Jarod and I were at the office Thursday with our heads spinning finishing up the totally new and improved MessageParty (coming soon), when someone sent him a link to a YouTube video that boasted all of about 30 views – a VC pitch from a girl named Rachel Sequoia called “Share the Air.”
I have no idea who Rachel Sequoia is, have no relationship with her or Spiral Moon Media, have never heard of VCFC, and am still torn on whether this company is real or a product of the startup version of Ark Music Factory.
It’s now five days later and the video has zipped around the interwebs and has over 100,000 views. While that’s nothing compared to your average mainstream viral hit, for a niche video from a VC pitch event it’s kind of amazing.
So how does a video go from 30 to 100,000 views? What sort of traffic patterns create this sort of momentum? This is stuff I find fascinating. Observations below.
–> Real or Fake
The best part about the video is that it rides and incredibly fine line between real and fake. If you’ve ever been to any sort of pitch event, you know that some people who get up at these things have totally ridiculous ideas. But I think the investment community is small enough that surely there would be someone recognizable in the audience. I did quick poll of VC friends and no one had even heard of the event.
Another notable observation about this video is that it came out the day after the Color financing was announced. Sequoia the firm was on everyone’s mind. And then here was Rachel Sequoia. Coincidence? Hmm. She also followed perfectly in the wake of everyone’s new favorite viral star Rebecca Black. In the same way that the big winner in the Rebecca Black meme was Ark Music Factory, I think the same is true for Spiral Moon Media.
One curious thing though was when we saw the video last Thursday, no one had bothered to register SharetheAir108.com. Weird. We thought the video was awesome, and the thought of some asshole domain squatter trying to profit off of Rachel was too much to bear and mostly just wanted to help her out – remember, the video had about 100 views at the time and you can set up a LaunchRock site in about 2 minutes. We had NO IDEA it would grow like this. To be honest, I believe the video is 100% real and we figured it was a great way to pitch in, but we had nothing do with the event or the video. We’ve spoken with Dan from Spiral Moon and apparently there’s more to come from Rachel and the pitch is not some elaborate internet prank. The story just gets more interesting as the days go on! As for the analytics? So far there have been 95,415 unique visitors and 2,321 email sign-ups in the last 5 days (don’t worry we’re not going to do anything with the email list except hand it over to Rachel if she wants it). I suppose this is the yield one can expect from over 100,000 YouTube views.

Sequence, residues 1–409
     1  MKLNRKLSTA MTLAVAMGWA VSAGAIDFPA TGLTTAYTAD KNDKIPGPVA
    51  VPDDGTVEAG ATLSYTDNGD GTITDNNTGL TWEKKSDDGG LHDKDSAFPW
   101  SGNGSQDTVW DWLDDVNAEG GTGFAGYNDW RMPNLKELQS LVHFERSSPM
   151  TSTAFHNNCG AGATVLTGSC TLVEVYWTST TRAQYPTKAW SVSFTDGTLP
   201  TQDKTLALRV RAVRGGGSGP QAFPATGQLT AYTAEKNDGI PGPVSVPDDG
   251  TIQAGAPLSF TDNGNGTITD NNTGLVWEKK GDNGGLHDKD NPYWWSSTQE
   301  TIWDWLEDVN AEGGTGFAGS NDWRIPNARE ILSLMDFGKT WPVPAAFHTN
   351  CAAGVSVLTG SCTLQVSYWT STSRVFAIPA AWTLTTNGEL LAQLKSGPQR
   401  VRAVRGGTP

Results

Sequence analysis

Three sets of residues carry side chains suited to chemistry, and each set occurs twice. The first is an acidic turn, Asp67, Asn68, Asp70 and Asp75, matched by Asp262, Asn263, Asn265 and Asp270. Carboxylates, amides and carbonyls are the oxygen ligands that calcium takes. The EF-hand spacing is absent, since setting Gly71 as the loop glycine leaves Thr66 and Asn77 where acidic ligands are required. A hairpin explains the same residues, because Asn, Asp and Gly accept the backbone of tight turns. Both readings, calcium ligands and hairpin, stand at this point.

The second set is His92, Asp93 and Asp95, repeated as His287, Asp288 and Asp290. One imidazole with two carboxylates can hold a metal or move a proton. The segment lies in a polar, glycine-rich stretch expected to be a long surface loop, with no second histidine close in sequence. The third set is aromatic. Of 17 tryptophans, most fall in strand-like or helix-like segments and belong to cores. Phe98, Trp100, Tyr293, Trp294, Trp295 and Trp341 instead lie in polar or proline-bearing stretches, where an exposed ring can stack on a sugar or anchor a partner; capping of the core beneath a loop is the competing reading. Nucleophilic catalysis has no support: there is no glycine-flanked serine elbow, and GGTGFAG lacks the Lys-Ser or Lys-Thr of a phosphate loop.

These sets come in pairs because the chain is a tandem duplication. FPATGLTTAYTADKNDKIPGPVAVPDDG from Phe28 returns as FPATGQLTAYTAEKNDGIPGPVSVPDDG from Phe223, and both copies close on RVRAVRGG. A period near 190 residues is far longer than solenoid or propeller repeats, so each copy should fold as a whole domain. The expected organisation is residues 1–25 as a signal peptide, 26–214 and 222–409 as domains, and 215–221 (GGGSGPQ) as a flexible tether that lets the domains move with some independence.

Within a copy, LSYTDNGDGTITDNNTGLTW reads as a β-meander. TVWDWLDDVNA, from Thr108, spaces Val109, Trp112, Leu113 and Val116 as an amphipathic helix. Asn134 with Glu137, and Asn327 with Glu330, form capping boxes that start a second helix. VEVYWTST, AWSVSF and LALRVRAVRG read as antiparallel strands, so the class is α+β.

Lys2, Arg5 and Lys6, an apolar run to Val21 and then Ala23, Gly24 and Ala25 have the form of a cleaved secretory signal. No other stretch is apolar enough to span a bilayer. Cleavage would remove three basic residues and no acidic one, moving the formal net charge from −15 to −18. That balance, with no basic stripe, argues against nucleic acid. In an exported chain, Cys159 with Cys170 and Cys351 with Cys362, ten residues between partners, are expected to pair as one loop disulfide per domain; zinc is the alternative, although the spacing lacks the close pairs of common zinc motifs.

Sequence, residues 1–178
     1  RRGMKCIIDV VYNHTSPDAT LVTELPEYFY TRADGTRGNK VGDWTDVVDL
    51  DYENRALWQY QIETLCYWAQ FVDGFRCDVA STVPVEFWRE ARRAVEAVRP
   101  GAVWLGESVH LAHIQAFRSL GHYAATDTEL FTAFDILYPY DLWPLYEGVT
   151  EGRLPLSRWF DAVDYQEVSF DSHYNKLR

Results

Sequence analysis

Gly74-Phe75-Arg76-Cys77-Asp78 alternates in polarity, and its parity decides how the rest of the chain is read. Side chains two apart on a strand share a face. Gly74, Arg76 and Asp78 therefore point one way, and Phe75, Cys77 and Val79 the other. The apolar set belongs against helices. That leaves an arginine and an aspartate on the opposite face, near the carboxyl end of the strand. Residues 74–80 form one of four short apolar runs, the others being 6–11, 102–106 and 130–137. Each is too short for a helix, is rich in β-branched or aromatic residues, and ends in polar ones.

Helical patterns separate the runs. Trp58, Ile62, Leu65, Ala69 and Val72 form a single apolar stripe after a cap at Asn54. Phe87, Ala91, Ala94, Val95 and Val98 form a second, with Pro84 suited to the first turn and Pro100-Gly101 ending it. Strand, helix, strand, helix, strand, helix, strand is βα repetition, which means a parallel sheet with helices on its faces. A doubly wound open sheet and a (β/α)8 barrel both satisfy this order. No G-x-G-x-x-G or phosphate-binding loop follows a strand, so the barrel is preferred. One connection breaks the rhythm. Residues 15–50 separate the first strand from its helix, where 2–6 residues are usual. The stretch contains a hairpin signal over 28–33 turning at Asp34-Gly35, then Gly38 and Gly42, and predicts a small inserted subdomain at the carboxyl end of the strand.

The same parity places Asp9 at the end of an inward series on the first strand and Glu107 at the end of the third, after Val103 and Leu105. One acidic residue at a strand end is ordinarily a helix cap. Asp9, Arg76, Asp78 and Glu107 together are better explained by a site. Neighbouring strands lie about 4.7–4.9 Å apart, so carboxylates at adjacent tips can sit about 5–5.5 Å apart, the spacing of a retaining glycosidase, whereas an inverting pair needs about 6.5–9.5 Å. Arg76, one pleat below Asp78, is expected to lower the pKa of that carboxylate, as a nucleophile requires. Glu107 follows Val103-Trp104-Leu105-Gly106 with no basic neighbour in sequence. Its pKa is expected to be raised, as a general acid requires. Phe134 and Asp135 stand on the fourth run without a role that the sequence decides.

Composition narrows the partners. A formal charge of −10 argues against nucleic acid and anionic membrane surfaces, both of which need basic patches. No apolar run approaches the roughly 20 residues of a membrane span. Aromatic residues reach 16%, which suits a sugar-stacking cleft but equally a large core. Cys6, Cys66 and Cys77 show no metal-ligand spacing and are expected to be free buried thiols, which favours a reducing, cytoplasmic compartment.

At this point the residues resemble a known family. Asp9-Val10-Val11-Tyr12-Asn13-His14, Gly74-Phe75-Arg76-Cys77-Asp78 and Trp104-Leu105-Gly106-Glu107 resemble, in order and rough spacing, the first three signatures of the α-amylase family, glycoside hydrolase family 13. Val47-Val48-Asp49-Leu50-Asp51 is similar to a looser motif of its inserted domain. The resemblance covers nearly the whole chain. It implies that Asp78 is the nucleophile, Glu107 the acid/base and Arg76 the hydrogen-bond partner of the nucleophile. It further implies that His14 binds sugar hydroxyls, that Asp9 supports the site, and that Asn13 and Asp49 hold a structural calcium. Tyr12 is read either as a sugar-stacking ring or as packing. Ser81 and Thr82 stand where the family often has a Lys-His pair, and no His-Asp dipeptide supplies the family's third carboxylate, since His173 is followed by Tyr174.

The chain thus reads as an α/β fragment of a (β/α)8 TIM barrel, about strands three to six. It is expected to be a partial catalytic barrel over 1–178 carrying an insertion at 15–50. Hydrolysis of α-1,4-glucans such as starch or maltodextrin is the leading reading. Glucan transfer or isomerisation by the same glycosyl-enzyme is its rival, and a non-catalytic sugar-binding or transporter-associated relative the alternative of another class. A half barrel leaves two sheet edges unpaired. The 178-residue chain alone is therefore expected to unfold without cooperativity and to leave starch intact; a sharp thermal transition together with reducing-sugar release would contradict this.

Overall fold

Additionally, I just received an email from Ashwin Anand, the President of the VCFC and an intellectual property attorney in Silicon Valley. Says Ashwin: “The event was held at the JCC (Jewish Community Center) in Palo Alto, California. The audience was made up of predominately entrepreneurs and middle-aged business men/women as you can see in the video. These were individuals and inventors who have interesting ideas but often lack the platform or distribution capabilities to make their voice heard. The room was set to hold around 80-90 people, and it was completely filled throughout most of the event. All the seats were taken, and there were a lot of people standing in the back…Rachel Sequoia’s presentation really livened and loosened up the mood in the room…everyone was smiles after Sequoia’s pitch. She was, I believe, the 4th presenter of the evening (of about 6-7) and as you might be able to tell from the video, the most unique, upbeat, and entertaining. It was very well received, and afterwards, Rachel received lots of encouraging and positive feedback from people who really thought she did an amazing job.”
–> Traffic Patterns
The video made the rounds on Tumblr before it ever hit any major news outlets. Jarod posted it on his tumblr, I re-blogged it from him, and it got re-blogged around Tumblr for about 2 days before ending up on The Daily What. This series of re-blogs pushed the video from 30 views to about 20,000.
If anything, I think this video shows the viral power of Tumblr. Getting those first 10,000 WTF’s is an important step in pushing something up to 100,000 or even a million. Getting to a few hundred thousand views now seems inevitable, and I think it was those first 10,000 that were the hardest-earned and most important to the spread of the the video.
OK back to work. Thank you Rachel for providing a welcome distraction for the past 5 days. It’s comforting to know that *even in 2011* no one on the internet really knows who is and isn’t a dog.